Gruesome haul of plastic pulled from the innards of a young female green sea turtle that washed up dead on a Bali beach reveals the danger human litter poses to marine animals

  • WARNING: GRAPHIC CONTENT
  • The young female was found dead on a beach by surfers in Bali  
  • Locals investigating the carcass alerted experts to determine its cause of death  
  • Large pieces of plastic were found inside the animal which may have killed her  

A young sea turtle washed up dead on a Bali beach was filled with large pieces of plastic when she died. 

Images of the animal’s innards reveal pieces of plastic clogging up the intestines, blocking food and possibly poisoning the creature. 

Surfers on the beach found the animal and exerts later inspected its remains when they discovered the gruesome haul.  

Surfers on the beach found the dead animal and experts later inspected its remains when they discovered the gruesome haul

Surfers on the beach found the dead animal and experts later inspected its remains when they discovered the gruesome haul

Images of the animal's innards reveal pieces of plastic clogging up the intestines, blocking food and possibly poisoning the creature

Images of the animal’s innards reveal pieces of plastic clogging up the intestines, blocking food and possibly poisoning the creature

Runa Widemann from The Meadow Medewi Organization said that the young turtle had swallowed at least one plastic bag which had blocked her internal organs

Runa Widemann from The Meadow Medewi Organization said that the young turtle had swallowed at least one plastic bag which had blocked her internal organs 

The scourge of human litter and plastic waste poses a huge threat to marine wildlife.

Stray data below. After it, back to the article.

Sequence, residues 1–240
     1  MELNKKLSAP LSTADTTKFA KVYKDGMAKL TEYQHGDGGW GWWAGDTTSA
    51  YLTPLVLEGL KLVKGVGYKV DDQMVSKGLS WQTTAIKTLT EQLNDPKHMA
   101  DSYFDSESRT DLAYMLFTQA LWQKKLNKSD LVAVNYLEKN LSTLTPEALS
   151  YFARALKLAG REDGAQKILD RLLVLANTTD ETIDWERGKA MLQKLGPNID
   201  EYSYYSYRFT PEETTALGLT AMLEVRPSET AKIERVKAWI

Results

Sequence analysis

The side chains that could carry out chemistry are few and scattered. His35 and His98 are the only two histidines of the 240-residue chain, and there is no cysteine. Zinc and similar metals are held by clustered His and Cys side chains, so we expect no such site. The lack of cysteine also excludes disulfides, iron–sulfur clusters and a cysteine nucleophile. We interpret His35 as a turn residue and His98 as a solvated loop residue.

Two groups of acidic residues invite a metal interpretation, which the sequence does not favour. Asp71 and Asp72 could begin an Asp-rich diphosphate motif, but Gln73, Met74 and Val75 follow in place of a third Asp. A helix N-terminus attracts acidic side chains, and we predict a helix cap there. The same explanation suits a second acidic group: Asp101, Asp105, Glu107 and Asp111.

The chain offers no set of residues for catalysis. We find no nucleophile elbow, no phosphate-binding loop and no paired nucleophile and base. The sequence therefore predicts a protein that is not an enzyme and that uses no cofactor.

Animals often mistake it for food and accidentally eat the floating waste.  

The lifeless creatures washed up on the shore on February 1 and marine workers checked the creatures digestive system. 

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Runa Widemann from The Meadow Medewi Organization said that the young turtle had swallowed at least one plastic bag which had blocked her internal organs.

She said: ‘The turtle was already dead and we decided to open her up to see if we could find the cause of death.’

The lifeless creatures washed up on the shore on February 1 and marine workers checked the creatures digestive system for signs of plastic

The lifeless creatures washed up on the shore on February 1 and marine workers checked the creatures digestive system for signs of plastic 

Ms Widermann said the animal looked in good health except for the presence of plastic, indicating it played a key role in the animal's death

Ms Widermann said the animal looked in good health except for the presence of plastic, indicating it played a key role in the animal’s death

Ms Widermann said the animal looked in good health except for the presence of plastic, indicating it played a key role in the animal’s death. 

‘Everything looked normal and her intestines were full of food, but when they went close to her bowels, pieces of plastic were stuck, blocking anything from getting out,’ she adds. 

The turtle may have died from internal poisoning because of this, the experts believe. 

Ms Widermann said that the incident was coordinated to the local authorities.

She added: ‘It was so sad to see this in real life and a solid reminder that we have a big job to do.’

HOW DOES PLASTIC KILL TURTLES?

Sea turtles live in the ocean and feed on vegetation and algae floating in the waters. 

Unfortunately, many pieces of litter discarded by humans pollute these waters and resemble food. 

The sea turtles mistake them for nutrition and consume them. 

This plastic then enters their digestive tract and causes havoc to the animal’s innards. 

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A study in 2018 found eating a single piece of plastic increases the turtles chance of death. 

Researchers found there it caused a one in five chance of death – rising to 50 per cent for 14 pieces.

Turtles have a digestive tract which means they are physically incapable of regurgitation. 

Once something has been eaten, it stays in the animal unless it can be defecated. 

Once inside the animal, if a piece of plastic covers an organ or blocks a key canal, it can create a fatal blockage.

Plastic blockages stopping the passing of food or faeces can kill turtles, but harder pieces can also inflict fatal internal injuries.





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